Despite the name, Cannondale describes the Trail SL as “a racer through and through”. The SL1 is the most expensive of the Trail SL series – Cannondale does 29er versions of the bike, but we’re looking at the 26er.
There’s a lot to like about the Trail SL1 – it looks great, the frame is well designed and finished, and it’s got lively handling. The parts spec is only adequate, though.
Ride & handling: A lively feeling bike with agile handling
Cannondale’s not kidding with the racer thing – the SL1 is long, low and lively. It’s not all that light (12.5kg), which dulls acceleration a bit, but its race-day DNA shines through. In some senses it’s a demanding bike, but it’s also a rewarding one – it compels you to pedal hard all the time, and requires your full attention as speeds rise, but it reacts to power and steering inputs with alacrity, allowing for the extra bit of weight it feels like it’s carrying.
The Cannondale is agile, and feels close to an old-school cross-country (XC) bike. And that SAVE (Synapse Active Vibration Elimination) back end? Without riding a bike that’s exactly the same apart from the stays, it’s impossible to say how effective it is, but the Trail SL1 isn’t a harsh bike despite the relatively low-volume tyres. The flattened stays don’t do it any harm.
Frame: Well designed and finished
The SL1 shares its frame with the rest of the Trail SL series. Despite that range starting at just £500, the chassis has an impressively high-end look and feel. Cannondale has used generally straight pipes in the front end, with just a little bit of a curve at the front of the down tube and a flared top tube.
Out back things get considerably more interesting thanks to Cannondale’s SAVE chain and seatstays with flattened mid-sections. SAVE is described as micro-suspension, which roughly translates as flexes a tiny bit. Flattened stays at the back end are claimed to yield a bit of comfort-enhancing give. While it’s hard to filter out any effect from seat post flex and tyre cushioning, the Trail’s a pretty comfy bike.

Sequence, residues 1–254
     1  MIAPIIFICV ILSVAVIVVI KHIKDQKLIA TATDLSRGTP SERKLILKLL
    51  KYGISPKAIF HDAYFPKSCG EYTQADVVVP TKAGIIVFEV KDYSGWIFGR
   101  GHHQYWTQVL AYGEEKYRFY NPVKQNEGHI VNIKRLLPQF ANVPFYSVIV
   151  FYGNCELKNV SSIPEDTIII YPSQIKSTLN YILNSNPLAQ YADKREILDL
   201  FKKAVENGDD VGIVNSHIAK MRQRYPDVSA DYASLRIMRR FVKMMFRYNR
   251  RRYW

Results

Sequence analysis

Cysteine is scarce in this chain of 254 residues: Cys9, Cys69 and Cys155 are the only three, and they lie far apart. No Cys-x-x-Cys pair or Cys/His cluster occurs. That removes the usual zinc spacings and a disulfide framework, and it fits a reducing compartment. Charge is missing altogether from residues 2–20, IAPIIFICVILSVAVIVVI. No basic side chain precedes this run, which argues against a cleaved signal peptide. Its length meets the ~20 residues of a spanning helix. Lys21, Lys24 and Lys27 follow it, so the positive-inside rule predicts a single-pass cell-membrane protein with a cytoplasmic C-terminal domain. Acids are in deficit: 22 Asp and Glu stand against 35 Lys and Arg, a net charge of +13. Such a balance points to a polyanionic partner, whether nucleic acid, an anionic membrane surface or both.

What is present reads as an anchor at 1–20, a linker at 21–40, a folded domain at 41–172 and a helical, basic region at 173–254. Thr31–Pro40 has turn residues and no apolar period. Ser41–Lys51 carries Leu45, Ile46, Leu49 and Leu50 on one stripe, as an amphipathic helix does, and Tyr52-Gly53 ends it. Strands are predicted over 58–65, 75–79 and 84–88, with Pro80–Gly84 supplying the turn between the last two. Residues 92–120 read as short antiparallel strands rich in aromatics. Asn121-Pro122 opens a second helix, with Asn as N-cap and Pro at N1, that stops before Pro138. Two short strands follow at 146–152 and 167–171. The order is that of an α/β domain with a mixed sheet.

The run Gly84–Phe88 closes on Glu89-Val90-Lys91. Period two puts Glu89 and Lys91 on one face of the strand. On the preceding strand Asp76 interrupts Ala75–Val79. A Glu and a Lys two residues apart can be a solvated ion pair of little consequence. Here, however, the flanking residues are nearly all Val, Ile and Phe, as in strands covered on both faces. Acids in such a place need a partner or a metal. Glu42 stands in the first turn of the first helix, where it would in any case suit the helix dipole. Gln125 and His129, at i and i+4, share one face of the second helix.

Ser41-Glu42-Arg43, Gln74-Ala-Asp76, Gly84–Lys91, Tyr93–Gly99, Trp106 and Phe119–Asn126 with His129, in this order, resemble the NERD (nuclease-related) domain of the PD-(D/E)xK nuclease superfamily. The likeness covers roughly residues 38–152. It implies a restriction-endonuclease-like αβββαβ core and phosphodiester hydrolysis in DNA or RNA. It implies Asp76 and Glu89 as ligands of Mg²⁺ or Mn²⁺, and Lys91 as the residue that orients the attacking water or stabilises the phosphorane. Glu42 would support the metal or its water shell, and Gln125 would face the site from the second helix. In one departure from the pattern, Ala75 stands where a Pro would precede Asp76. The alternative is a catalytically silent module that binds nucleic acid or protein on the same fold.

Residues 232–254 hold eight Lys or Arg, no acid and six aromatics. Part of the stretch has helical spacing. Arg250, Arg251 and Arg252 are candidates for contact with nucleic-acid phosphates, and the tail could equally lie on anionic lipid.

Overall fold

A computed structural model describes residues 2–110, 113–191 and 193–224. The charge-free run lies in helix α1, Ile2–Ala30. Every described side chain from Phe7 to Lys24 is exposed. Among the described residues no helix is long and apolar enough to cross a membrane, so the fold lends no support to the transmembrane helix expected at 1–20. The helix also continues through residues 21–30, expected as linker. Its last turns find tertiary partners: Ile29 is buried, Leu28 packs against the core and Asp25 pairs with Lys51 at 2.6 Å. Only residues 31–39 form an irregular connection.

There’s reasonable clearance around the 2.1in Schwalbe tyres fitted, but you wouldn’t want to go much bigger than that. And, if you’re tall, take a good look at Cannondale – many bikes don’t even come in XL, but the SL1 can be had not just in XL but also a super-sized Jumbo variant.
Equipment: Merely okay in the value for money stakes
Cannondale has always tended to deliver a high-end frame at a given price point, usually compromising on components to do so. That’s not a bad approach, given that components wear out, but it does leave the SL1 looking merely okay in the value for money stakes. Up front is a RockShox Recon fork, which Cannondale has specced with a full 1.5in steerer to take full advantage of the frame’s oversized head tube.
While none of the Trail SL range comes with Cannondale’s Lefty fork, the frame’s 1.5in head tube is ready to accommodate one should you want to upgrade. With a suitable headset it’ll also take a tapered steerer, or use a straight 1.125in steerer and play with Anglesets.
No complaints about the all-Shimano transmission set-up, which is smooth and reliable. We’re not massively enamoured of the Hayes Stroker Ryde brakes, which are a little over-firm in feel, if adequate in power. Finishing kit is Cannondale’s own, and none the worse for that.